A lot or a little?
The parents' guide to what's in this movie.
What parents need to know
Parents need to know that Good Sam is a 2019 feel-good look at a mysterious do-gooder who gives gifts anonymously, $100,000 at a time, leaving the packages on doorsteps of New Yorkers who seemingly share nothing in common. A go-getter local TV reporter tries to unmask the Good Samaritan, uncovering unsavory political maneuverings and destroying her hope that some people do good without wanting anything in return. Someone speculates that all the money might be associated with illegal drugs. A man and woman kiss. A man uses a friend to promote his career. A firefighter saves people from a burning building and also a man who has fallen off a scaffolding. Someone describes a man being knocked in the head on a sailboat and falling overboard to his death.
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What's the story?
In GOOD SAM, Kate (Tiya Sircar) is a danger-seeking New York City television reporter specializing in fires and other disasters. When she's sent to cover a mysterious Good Samaritan who anonymously left $100,000 at the doorstep of a woman in need, she balks at working the soft feature story, longing for riskier assignments. But when large donations are left on the doorsteps of three more people with seemingly nothing in common, she's eager to learn the donor's identity. Her first good lead brings her to the doorstep of Eric (Chad Connell), a heroic firefighter she's covered before. She's looking for his brother, Patrick, but learns he's died. Tongue-tied at meeting the handsome Eric, she fails to follow up and pursues other leads. Several people claim to be "Good Sam," including a hedge fund manager named Jack (Marco Grazzini), a friend of her senator father. Jack pursues her at the same time he agrees to an interview, but when he turns out to have ulterior motives for seeking the positive publicity, she loses interest, still hoping that someone out in the great big world is doing good things without expectations of reward or recognition. When Kate finally discovers Good Sam's identity, her faith is restored.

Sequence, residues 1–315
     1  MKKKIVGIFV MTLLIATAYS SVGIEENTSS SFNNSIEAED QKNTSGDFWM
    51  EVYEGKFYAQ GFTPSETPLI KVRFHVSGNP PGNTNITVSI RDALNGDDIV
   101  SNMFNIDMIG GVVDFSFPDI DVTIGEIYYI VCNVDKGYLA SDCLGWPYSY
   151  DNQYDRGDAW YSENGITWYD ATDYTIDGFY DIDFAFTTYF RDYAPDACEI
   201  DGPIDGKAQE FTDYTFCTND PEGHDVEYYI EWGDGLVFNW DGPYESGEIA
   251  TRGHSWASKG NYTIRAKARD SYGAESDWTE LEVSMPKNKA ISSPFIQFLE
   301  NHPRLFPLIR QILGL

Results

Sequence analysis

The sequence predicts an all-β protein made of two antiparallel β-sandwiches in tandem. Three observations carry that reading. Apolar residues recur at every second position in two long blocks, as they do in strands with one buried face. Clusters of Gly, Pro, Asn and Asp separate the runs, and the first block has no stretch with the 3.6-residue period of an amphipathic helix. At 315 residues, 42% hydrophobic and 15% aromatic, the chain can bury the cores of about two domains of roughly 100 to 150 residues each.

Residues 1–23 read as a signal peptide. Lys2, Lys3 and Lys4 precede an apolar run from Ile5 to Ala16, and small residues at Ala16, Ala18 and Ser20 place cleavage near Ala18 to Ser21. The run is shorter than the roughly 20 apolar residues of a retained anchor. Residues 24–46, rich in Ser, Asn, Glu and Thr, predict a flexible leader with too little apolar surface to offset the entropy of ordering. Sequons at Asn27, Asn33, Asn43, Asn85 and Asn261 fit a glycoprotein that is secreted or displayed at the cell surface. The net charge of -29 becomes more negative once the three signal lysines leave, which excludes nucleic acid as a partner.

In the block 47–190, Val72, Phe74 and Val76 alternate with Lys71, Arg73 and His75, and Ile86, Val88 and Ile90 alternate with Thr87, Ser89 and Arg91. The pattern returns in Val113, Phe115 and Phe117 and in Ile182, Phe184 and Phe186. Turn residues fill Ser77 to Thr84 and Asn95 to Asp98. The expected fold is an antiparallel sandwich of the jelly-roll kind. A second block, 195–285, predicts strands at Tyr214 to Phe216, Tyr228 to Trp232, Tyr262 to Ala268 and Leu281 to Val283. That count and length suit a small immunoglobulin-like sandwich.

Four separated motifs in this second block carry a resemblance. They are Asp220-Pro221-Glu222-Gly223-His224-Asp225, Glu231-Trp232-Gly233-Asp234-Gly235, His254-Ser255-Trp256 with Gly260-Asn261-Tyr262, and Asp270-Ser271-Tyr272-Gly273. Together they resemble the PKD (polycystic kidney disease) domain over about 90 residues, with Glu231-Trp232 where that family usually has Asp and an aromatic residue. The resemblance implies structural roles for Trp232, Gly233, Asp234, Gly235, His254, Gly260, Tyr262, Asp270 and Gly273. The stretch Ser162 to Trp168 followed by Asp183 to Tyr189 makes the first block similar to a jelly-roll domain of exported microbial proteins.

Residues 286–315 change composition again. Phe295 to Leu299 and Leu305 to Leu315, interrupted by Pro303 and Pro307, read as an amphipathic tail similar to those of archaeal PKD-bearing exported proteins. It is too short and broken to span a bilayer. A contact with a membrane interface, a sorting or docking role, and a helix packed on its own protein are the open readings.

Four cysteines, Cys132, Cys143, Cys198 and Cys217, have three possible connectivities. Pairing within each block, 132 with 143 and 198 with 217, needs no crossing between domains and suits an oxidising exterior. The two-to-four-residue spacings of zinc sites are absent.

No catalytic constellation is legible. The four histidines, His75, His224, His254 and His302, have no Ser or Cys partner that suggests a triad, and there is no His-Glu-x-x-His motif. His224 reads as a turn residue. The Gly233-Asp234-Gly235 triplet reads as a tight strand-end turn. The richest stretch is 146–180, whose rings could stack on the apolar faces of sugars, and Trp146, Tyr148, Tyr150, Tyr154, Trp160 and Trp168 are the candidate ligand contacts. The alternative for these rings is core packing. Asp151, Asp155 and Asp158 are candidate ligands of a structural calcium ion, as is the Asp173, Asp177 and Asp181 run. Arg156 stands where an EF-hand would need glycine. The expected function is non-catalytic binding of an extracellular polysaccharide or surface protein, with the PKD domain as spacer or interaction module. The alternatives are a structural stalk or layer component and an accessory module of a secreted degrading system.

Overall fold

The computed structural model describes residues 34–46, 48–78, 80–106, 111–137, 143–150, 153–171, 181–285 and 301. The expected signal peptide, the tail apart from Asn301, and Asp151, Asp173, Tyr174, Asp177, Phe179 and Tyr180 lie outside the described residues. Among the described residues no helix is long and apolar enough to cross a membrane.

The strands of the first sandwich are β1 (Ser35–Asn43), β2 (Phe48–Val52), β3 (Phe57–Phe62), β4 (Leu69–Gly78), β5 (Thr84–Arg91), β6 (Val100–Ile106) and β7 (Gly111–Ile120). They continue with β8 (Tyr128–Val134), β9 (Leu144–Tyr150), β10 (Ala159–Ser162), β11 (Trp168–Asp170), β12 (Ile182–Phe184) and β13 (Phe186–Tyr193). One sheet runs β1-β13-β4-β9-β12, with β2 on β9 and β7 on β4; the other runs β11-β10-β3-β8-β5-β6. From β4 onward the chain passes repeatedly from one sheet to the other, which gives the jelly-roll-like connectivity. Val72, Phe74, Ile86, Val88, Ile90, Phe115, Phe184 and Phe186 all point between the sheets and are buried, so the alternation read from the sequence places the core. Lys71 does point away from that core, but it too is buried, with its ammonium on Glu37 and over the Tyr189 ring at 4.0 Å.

Is it any good?
Good Sam is a weakly-reasoned, movie-of-the-week-quality piece that oversimplifies how reporters work, how newsrooms work, how politics work, and how romance works. The audience knows who Good Sam is for three-quarters of the movie, but Kate and her team of supposedly-professional investigators remain clueless until the movie is nearly over. That Jack is slimy and untrustworthy is also given away immediately, but ace reporter Kate only figures out "something is wrong" after alarm bells have been going off long and loudly in the audience's ears. Kate goes on the air with a claim that she has no independent corroboration for, a big no-no in the most elementary Journalism 101 course, never mind a big-city TV station news department.
And in this age of rampant claims about "fake news," the last thing anyone wants to see is a movie in which a reporter airs a false story without checking it out thoroughly. Plus, why would a donor laboring to keep his name out of the news donate money in bags emblazoned with a big clue to his identity? Since the story's outcome is hinted at far earlier than Kate is able to pick up on all the clues, viewers are left bored, waiting for the movie to wend its way toward an anticlimactic conclusion.
Talk to your kids about ...
Families can talk about whether you think anyone would leave large bags of cash on the front doors of people in need. Do you think leaving money out in the open would be wise in a big city like New York?
Why do you think Kate goes ahead and believes someone claiming to be Good Sam without first finding corroborating evidence?
Do you think Kate seems like a responsible journalist? Why or why not?
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